Democrats cannot afford to dismiss Michael BloombergMichael BloombergBiden's Jan. 6 speech was a missed opportunity to unite the nation Democrats must face the reality of their Latino voter problem Invest in kids and families now so that someday I'll be out of a job MORE. In a normal election cycle, I would not give much attention to his candidacy, certainly not as a Democrat. But as we all know, this is not a normal election cycle, and the fallout from the reelection of Donald TrumpDonald TrumpJudge rules Alaska governor unlawfully fired lawyer who criticized Trump Giuliani led fake electors plot: CNN Giuliani associate sentenced to a year in prison in campaign finance case MORE would only enforce his authoritarian tendencies. Bloomberg could beat Trump in a general election. He is better than Trump in every way. Successful businessman, check. Dedicated philanthropist, check. Effective politician, check.
Is Bloomberg perfect? Not even close. But at this point, what candidate is? Would his nomination ensure that Democrats get to fill a Supreme Court seat? Without question. Democrats need to think really hard about what the goal is for 2020. Are we willing to risk losing to Trump to satisfy a purity test? Do not get me wrong, I support the progressive wing of the party and often find myself criticizing the establishment as uninspiring.
But can anyone justify the type of campaign approach that could lead to a second term for Trump? None of the policies proposed by the candidates right now will matter if we lose to Trump in 2020. We need real victories, not moral ones. Democrats want to protect abortion rights. Democrats want a better education system. Democrats want policies that work for our most vulnerable. None of that is possible if Trump is reelected.
It is not the time to let perfection be the enemy of the good. At 77 years old, Bloomberg may be a one term president. If you support Stacey Abrams, Julian Castro, Kamala Harris, or Cory Booker, then a Bloomberg nomination and election almost ensures that one of them will be the next vice president and then front runner for president in 2024. This cannot be overlooked. With the obvious vulnerabilities of candidates like Joe Biden, Elizabeth Warren, and Bernie Sanders, Democrats need to start having conversations about who is best positioned to defeat Trump next year.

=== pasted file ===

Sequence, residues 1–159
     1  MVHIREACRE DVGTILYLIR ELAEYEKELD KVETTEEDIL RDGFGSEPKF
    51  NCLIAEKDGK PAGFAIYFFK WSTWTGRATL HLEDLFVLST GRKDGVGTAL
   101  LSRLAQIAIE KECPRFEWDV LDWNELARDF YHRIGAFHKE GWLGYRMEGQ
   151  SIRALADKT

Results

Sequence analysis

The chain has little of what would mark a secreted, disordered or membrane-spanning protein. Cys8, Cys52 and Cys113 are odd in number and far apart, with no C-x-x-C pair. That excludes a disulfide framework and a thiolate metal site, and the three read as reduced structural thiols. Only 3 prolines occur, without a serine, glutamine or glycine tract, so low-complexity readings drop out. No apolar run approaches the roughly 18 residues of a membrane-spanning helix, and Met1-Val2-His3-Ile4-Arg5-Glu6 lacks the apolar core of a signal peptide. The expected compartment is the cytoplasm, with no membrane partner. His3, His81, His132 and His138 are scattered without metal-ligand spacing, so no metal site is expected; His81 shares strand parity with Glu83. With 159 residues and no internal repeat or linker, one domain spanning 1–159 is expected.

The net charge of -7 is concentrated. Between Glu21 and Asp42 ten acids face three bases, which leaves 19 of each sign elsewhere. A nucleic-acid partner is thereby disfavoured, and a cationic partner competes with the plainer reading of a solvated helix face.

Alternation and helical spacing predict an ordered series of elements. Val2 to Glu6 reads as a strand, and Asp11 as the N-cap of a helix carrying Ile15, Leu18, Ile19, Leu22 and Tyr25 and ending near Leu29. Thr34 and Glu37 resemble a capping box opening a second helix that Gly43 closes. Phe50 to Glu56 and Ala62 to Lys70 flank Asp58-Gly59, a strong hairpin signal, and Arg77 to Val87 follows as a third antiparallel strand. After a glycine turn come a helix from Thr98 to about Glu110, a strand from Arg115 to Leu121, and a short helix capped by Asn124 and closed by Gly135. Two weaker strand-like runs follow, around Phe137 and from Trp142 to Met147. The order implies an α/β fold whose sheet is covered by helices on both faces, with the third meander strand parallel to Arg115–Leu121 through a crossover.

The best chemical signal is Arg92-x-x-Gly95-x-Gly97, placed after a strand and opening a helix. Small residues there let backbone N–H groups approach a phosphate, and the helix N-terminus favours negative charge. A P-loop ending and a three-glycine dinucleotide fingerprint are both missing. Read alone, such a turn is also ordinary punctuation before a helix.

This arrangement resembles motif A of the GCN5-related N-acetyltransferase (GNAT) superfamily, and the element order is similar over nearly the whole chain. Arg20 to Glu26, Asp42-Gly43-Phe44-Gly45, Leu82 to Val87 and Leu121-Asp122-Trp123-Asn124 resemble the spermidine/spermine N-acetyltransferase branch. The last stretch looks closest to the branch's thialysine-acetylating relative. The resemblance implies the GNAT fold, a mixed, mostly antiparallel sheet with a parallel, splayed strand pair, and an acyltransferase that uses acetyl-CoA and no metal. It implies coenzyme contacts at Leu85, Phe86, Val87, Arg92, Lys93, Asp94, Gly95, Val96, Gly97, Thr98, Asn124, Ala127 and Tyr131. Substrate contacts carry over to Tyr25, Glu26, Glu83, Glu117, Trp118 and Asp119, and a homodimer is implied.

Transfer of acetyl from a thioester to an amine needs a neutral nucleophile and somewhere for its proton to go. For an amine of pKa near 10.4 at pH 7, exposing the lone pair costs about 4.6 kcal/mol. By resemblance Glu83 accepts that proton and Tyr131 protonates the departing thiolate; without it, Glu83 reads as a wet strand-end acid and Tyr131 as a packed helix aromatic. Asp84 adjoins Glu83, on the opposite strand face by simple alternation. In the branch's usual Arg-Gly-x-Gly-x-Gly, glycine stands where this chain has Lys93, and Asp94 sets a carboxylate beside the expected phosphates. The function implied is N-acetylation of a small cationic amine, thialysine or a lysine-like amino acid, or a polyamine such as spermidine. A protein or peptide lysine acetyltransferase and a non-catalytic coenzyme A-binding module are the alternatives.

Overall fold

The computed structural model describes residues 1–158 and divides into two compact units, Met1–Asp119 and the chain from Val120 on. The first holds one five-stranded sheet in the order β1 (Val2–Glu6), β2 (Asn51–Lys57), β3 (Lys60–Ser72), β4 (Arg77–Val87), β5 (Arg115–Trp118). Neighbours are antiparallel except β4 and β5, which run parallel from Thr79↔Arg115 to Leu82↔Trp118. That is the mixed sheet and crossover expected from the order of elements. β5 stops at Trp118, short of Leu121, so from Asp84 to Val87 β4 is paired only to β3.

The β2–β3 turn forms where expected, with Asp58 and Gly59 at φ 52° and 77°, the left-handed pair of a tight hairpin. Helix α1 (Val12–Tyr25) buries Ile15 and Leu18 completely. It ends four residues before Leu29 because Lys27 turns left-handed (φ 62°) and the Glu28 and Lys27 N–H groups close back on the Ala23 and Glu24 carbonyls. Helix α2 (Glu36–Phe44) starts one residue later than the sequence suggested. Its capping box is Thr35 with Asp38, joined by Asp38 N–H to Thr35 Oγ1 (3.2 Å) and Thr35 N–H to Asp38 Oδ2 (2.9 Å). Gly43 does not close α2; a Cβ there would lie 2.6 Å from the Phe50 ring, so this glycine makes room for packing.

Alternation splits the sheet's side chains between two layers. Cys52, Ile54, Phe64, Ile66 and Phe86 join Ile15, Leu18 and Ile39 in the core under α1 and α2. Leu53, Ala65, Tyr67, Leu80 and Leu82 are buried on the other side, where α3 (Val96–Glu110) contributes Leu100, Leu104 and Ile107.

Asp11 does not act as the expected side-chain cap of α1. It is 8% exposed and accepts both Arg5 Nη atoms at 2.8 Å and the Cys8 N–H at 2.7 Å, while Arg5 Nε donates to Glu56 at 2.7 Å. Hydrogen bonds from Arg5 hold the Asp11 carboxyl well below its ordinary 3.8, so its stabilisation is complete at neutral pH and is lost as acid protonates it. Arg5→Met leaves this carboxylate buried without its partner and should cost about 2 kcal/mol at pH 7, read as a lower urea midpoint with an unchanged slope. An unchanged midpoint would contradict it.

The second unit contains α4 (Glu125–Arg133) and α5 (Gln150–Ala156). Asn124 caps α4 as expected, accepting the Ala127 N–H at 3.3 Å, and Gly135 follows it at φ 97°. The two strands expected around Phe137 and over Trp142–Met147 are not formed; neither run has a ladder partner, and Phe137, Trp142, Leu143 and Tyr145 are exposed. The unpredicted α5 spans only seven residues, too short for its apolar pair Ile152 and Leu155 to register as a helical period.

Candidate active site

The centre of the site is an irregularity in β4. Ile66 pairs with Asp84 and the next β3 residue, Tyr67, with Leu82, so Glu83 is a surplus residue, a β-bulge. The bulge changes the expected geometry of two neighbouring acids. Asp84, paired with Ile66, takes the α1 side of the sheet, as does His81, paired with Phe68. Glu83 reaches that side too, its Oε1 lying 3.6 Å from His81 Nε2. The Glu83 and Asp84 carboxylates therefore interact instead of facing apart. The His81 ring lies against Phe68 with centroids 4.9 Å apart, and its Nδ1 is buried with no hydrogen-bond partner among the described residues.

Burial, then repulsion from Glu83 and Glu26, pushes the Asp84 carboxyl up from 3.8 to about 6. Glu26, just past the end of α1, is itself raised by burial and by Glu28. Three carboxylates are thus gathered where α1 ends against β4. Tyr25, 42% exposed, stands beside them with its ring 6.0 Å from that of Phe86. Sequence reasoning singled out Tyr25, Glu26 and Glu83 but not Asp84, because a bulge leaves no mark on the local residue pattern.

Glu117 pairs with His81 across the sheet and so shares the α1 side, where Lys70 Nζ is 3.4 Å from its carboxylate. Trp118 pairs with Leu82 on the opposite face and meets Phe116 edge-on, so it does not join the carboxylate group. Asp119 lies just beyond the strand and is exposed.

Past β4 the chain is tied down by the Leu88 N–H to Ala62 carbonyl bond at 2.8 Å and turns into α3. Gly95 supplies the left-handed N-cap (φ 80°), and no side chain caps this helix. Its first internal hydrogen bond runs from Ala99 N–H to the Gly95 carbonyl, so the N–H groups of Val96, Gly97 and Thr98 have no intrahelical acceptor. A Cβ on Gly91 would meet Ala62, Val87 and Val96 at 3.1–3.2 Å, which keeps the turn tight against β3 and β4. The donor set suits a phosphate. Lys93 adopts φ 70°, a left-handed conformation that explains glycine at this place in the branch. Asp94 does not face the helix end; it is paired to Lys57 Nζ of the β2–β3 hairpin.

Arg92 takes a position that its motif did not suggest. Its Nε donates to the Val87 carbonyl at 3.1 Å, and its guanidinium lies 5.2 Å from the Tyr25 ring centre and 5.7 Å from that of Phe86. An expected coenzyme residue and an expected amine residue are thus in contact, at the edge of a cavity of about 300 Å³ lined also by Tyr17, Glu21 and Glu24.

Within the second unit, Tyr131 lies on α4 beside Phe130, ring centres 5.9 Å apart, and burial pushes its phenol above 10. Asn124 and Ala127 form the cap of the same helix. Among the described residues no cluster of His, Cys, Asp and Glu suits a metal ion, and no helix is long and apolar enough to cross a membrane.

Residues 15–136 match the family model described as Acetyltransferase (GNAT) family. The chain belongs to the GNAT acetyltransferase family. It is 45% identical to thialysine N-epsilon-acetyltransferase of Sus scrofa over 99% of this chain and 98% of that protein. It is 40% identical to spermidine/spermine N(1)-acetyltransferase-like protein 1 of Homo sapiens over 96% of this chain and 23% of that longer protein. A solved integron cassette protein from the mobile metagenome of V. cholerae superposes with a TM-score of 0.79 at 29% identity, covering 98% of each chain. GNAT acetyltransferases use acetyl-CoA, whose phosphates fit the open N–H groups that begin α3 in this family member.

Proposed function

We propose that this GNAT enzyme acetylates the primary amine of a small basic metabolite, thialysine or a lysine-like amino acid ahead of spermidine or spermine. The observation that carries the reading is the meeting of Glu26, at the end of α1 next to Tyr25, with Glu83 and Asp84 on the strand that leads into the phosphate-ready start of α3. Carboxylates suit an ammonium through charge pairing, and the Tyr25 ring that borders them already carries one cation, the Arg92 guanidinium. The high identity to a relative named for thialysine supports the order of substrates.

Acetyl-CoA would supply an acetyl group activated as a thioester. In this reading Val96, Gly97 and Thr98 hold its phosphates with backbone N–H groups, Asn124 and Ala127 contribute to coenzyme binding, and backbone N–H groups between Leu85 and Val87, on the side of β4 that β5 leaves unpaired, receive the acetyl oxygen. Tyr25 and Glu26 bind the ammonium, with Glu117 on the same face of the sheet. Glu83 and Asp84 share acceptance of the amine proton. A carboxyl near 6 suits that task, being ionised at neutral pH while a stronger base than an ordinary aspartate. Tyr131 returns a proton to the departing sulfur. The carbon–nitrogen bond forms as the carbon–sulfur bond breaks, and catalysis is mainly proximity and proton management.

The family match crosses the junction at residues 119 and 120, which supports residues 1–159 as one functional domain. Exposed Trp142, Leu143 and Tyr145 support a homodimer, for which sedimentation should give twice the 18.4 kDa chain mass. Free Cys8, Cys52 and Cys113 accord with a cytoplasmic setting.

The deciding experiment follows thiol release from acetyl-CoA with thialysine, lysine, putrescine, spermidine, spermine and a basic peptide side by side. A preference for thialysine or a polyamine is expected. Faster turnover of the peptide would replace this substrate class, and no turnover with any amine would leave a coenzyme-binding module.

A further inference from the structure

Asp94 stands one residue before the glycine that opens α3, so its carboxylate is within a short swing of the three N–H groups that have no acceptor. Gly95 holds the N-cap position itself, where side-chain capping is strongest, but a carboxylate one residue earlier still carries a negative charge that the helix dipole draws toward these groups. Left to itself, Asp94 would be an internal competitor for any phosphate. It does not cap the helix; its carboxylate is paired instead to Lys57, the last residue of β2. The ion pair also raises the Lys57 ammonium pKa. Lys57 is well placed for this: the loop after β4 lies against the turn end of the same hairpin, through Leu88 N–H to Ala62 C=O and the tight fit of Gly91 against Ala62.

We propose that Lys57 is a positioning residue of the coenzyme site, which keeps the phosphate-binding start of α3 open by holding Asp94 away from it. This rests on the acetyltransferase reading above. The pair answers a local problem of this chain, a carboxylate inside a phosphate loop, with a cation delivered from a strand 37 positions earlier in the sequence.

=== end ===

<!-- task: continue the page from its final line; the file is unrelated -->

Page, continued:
Appealing to voters in a Democratic primary is a whole different beast compared to appealing to voters in a general election. This is why there are legitimate questions about whether candidates like Warren can pivot to a general election strategy. Those same questions are not an issue for Bloomberg. Like other moderates in this race, he is awkwardly positioned for a progressive primary, but well positioned for the general election. Some would say that Bloomberg is Biden but without the baggage.
Unsurprisingly, we have already seen misguided attacks on his wealth from other candidates, who should look back at 2016 and the effect that false comparisons had on the electability of Hillary Clinton. During the general election, far too many pundits on both sides of the aisle drew false comparisons between Clinton and Trump. Clinton may have been risk averse and evasive, but Trump has been a disturbingly prolific liar. To compare the two would be like comparing jaywalking to robbing a bank. They are in totally different categories. Unfortunately, that narrative stuck with Clinton and greatly contributed to her downfall three years ago.
Democrats cannot afford to fall into the same trap with Bloomberg. Unlike Trump, he did not inherit his money from his father. He went from middle class upbringing to one of the richest men in the world. We can debate the merits of so much wealth concentrated in one person, but in terms of hard work, Bloomberg created a product that many people all over the world want. Living the American dream should be celebrated rather than denigrated. Attacking him for being rich without providing context into how he earned his money is disingenuous at best. Bloomberg is by no means the ideal Democrat, but this is by no means a normal situation.
Indeed, Bloomberg is a complicated candidate running in the midst of complicated times. His recent comments related to Booker were foolish, and his defense of China during an interview with Margaret Hoover came off as out of touch and misguided. But his record of supporting efforts to fight climate change, elect politicians who support gun control, and build affordable housing in urban areas fall into line with exactly the kind of policies that Democrats support. Whether you agree or disagree with Bloomberg, his credentials are undeniable. He will undoubtedly need to atone for his record on criminal justice and the adverse effect it has had on communities of color. If you are rightly upset about stop and frisk, however, imagine what a second term under Trump would look like.
Ultimately, his candidacy may prove to be unsuccessful, but Bloomberg should not be dismissed by Democrats. The stakes in this election are far too high. Defeating Trump should be the sole focus for the party in 2020. In a primary race that is tilting more to the left, a moderate may provide Democrats with the best chances of winning back the White House.
Michael Starr Hopkins is the founding partner of Northern Starr Strategies. He served on the Democratic presidential campaigns for Barack Obama, Hillary Clinton, and John Delaney. Follow him on Twitter @TheOnlyHonest.